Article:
Samples of topsoil and herbage from 135 sites in the Mt Elgon region of Kenya were classified according to farm, site altitude, underlying soil bedrock (6 types) and botanical composition (6 classes). Effects of altitude, bedrock and species on pasture concentrations of Co, Cu, Fe, Mn, Mo, Se and Zn were determined using a mixed model for unbalanced data sets and the Wald statistic (W) to assess statistical significance. Extractable concentrations of each element in the soil were measured at each site except for Se where total Se was used.
Cu values were particularly low in forages associated with tertiary volcanic bedrock (3.8 ± 0.34 mg/kg DM), but even the maximal values (5.4 ± 0.34 mg/kgDM on metamorphosed sedi¬mentary material) were marginal for ruminants. Se and Cu concentrations were usually low at low altitudes but no other significant effects of alti¬tude or geology on herbage trace element concen¬trations were found. For Cu and Se alone, geological and topographical maps may help to delineate areas where risks of deficiency are high or low. Herbage composition was poorly corre¬lated with total (Se) or extractable (other trace elements) concentrations in the soil.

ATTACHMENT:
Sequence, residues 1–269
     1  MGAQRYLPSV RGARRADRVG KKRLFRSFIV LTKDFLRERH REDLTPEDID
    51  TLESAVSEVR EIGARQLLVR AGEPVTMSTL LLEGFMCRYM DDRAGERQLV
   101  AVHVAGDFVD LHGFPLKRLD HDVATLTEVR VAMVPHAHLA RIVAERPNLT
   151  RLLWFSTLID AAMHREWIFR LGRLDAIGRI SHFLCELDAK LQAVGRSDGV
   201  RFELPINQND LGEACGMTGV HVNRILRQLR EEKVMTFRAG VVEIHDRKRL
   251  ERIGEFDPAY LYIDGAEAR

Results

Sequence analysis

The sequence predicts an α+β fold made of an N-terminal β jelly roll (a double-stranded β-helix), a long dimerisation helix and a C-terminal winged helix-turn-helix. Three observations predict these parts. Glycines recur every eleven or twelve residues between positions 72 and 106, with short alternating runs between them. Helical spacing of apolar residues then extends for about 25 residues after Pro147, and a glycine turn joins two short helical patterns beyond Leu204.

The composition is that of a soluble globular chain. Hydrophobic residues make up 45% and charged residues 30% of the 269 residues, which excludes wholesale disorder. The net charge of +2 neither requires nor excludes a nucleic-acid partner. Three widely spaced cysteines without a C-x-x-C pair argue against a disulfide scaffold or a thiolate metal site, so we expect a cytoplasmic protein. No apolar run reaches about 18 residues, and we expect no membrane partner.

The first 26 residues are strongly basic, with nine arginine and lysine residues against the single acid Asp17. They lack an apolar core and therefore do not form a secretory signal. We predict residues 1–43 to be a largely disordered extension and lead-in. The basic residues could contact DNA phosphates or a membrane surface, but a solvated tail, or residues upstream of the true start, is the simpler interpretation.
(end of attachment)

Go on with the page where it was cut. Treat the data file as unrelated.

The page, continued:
Species differences were important for all Clements except Se, with kikuyu grass (Pennis-etum clandestinum) the richest in all but Mn. For Cu and Zn, deficiencies were most likely to occur with rhodes grass (Chloris gayana) with 3.5 mg Cu and 19.5 mgZn/kg DM and setaria (Setaria sphacelata) with 3.9 mg Cu and 17.7 mg Zn/kg DM. Species differences in Mo were within a low range of values (derived means < 1.6 mg/kgDM) but may, in combination with S, influence Cu availability. The lowest mean Se value (0.047 mg/ kgDM in setaria) was inadequate for ruminants. Species variation in Co, Fe and Mn was signifi¬cant but values were consistently above animal requirements and for Co and Fe were probably influenced by soil contamination.